I absolutely agree with my right hon. Friend. I think that one of the most important things that our schools can seek to do in the future is encourage mentors from business, the public sector and charities into their schools to give that extra one-on-one help from which young people benefit so much. I visited a Harris academy in Southwark yesterday to see how well that is going. Every child who is studying for GCSEs who wants a mentor can have one, and I think that that makes a huge difference to those children’s life chances.

The £14 million that we are putting in should allow an extra 25,000 of the most disadvantaged people in our country to have a mentor, and I urge all schools to consider that. There are so many people in business, the public sector and charities who would love to take part and help young people to achieve their potential.

The Prime Minister likes to suggest that he is the champion of localism, but today his Government are seeking to gag local communities with a crass forced academies policy that will stamp out local consultation and dissent. Can he explain to the vast majority of parents and residents in Brighton and Hove who recently roundly rejected academy status for two local schools why their views will count for nothing in the future?

I would argue that academy schools represent true devolution, because the parents, the governors and the headteacher end up having full control of the school and are able to make decisions about its future. If that does not convince the hon. Lady, I ask her to look at the results. She will see that primary sponsored academies have better records and are improving faster, and she will see that 88% of converter academy schools have been rated good or outstanding. This is true devolution: making sure that every headteacher is in charge of his or her school and providing the great education that we want for our children.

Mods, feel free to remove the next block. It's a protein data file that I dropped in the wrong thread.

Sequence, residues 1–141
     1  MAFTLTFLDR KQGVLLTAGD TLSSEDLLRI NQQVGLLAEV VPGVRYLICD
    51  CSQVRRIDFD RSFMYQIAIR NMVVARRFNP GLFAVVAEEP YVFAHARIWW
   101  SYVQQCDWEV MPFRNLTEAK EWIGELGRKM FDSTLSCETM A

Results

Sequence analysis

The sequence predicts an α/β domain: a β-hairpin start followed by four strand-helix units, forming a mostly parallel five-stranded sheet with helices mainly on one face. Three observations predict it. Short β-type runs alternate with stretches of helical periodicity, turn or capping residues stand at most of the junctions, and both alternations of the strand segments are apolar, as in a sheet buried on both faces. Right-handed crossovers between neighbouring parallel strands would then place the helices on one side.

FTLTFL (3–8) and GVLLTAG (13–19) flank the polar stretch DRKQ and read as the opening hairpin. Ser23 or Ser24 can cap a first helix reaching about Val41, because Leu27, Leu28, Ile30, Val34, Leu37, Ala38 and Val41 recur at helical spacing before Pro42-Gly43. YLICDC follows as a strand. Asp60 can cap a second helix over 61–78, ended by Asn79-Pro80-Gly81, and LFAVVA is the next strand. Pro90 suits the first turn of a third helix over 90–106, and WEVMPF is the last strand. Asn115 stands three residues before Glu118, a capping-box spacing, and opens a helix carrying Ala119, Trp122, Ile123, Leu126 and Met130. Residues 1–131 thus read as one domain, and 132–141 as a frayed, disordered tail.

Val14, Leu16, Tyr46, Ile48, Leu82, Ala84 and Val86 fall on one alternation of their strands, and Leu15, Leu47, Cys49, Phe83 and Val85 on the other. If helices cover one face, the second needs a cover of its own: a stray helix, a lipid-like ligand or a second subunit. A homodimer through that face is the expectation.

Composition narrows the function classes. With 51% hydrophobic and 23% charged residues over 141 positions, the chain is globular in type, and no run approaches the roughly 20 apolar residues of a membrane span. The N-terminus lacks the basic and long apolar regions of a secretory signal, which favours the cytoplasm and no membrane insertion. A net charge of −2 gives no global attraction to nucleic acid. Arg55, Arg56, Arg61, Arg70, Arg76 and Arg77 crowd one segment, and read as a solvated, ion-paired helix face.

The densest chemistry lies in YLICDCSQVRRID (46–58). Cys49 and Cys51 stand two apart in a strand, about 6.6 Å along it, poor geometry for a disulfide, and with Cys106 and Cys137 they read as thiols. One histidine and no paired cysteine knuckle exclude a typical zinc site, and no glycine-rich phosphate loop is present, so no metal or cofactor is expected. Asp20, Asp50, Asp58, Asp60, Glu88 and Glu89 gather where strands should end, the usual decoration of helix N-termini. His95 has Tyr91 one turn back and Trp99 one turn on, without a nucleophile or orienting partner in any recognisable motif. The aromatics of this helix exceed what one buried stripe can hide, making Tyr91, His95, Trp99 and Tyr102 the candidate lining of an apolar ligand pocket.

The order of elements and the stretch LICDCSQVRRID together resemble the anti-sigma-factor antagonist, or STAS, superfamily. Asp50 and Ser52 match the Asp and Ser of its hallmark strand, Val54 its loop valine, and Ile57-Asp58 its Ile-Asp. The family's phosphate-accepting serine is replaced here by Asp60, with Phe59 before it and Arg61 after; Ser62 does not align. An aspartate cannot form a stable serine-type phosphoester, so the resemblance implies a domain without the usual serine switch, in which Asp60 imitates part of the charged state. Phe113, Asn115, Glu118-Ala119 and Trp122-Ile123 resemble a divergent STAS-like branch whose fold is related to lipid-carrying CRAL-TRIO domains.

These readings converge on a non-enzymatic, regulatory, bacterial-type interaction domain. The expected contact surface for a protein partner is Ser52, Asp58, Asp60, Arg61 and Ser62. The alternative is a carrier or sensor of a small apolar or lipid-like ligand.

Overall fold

My constituent Jacci Woodcock has been diagnosed with terminal breast cancer. She has shown outstanding courage in her fight against the disease, but unfortunately she did not receive support or compassion from her employer, who wanted to dismiss her through capability procedures. Now her former partner, Andy Bradley, is trying to have the house that they own together repossessed, leaving her homeless while she is dying. Does the Prime Minister agree that we require better protection for working people who are diagnosed with terminal illnesses, and will he join me, and Jacci, in supporting the changes outlined in the TUC’s Dying to Work campaign?

The points my hon. Friend has made are absolutely right, and I will look very carefully at the case that she has raised. The truth, in all these things, is that as well as clear rules, we need organisations—employers, housing associations, landlords or, indeed, trade unions—to act with genuine compassion, and to think of the person, the human being, at the other end of the telephone.